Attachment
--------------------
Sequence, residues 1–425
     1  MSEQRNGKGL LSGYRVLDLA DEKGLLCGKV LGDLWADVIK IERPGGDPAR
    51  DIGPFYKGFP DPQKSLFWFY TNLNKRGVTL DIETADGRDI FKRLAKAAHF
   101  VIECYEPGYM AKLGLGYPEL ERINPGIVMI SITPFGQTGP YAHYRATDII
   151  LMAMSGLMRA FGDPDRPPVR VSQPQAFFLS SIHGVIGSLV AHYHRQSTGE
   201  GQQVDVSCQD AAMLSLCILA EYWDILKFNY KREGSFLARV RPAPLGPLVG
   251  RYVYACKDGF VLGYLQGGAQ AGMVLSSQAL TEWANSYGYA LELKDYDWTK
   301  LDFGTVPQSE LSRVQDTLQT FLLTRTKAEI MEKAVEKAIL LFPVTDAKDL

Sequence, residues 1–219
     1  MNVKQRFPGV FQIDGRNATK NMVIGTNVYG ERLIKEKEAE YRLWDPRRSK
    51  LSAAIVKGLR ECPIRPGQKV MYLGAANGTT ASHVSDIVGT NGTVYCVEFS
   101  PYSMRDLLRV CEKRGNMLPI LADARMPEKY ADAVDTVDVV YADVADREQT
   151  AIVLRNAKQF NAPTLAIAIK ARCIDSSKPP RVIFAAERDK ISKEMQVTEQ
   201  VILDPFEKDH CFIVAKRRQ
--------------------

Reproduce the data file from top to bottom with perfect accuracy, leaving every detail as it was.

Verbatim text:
Sequence, residues 1–425
     1  MSEQRNGKGL LSGYRVLDLA DEKGLLCGKV LGDLWADVIK IERPGGDPAR
    51  DIGPFYKGFP DPQKSLFWFY TNLNKRGVTL DIETADGRDI FKRLAKAAHF
   101  VIECYEPGYM AKLGLGYPEL ERINPGIVMI SITPFGQTGP YAHYRATDII
   151  LMAMSGLMRA FGDPDRPPVR VSQPQAFFLS SIHGVIGSLV AHYHRQSTGE
   201  GQQVDVSCQD AAMLSLCILA EYWDILKFNY KREGSFLARV RPAPLGPLVG
   251  RYVYACKDGF VLGYLQGGAQ AGMVLSSQAL TEWANSYGYA LELKDYDWTK
   301  LDFGTVPQSE LSRVQDTLQT FLLTRTKAEI MEKAVEKAIL LFPVTDAKDL

Sequence, residues 1–219
     1  MNVKQRFPGV FQIDGRNATK NMVIGTNVYG ERLIKEKEAE YRLWDPRRSK
    51  LSAAIVKGLR ECPIRPGQKV MYLGAANGTT ASHVSDIVGT NGTVYCVEFS
   101  PYSMRDLLRV CEKRGNMLPI LADARMPEKY ADAVDTVDVV YADVADREQT
   151  AIVLRNAKQF NAPTLAIAIK ARCIDSSKPP RVIFAAERDK ISKEMQVTEQ
   201  VILDPFEKDH CFIVAKRRQ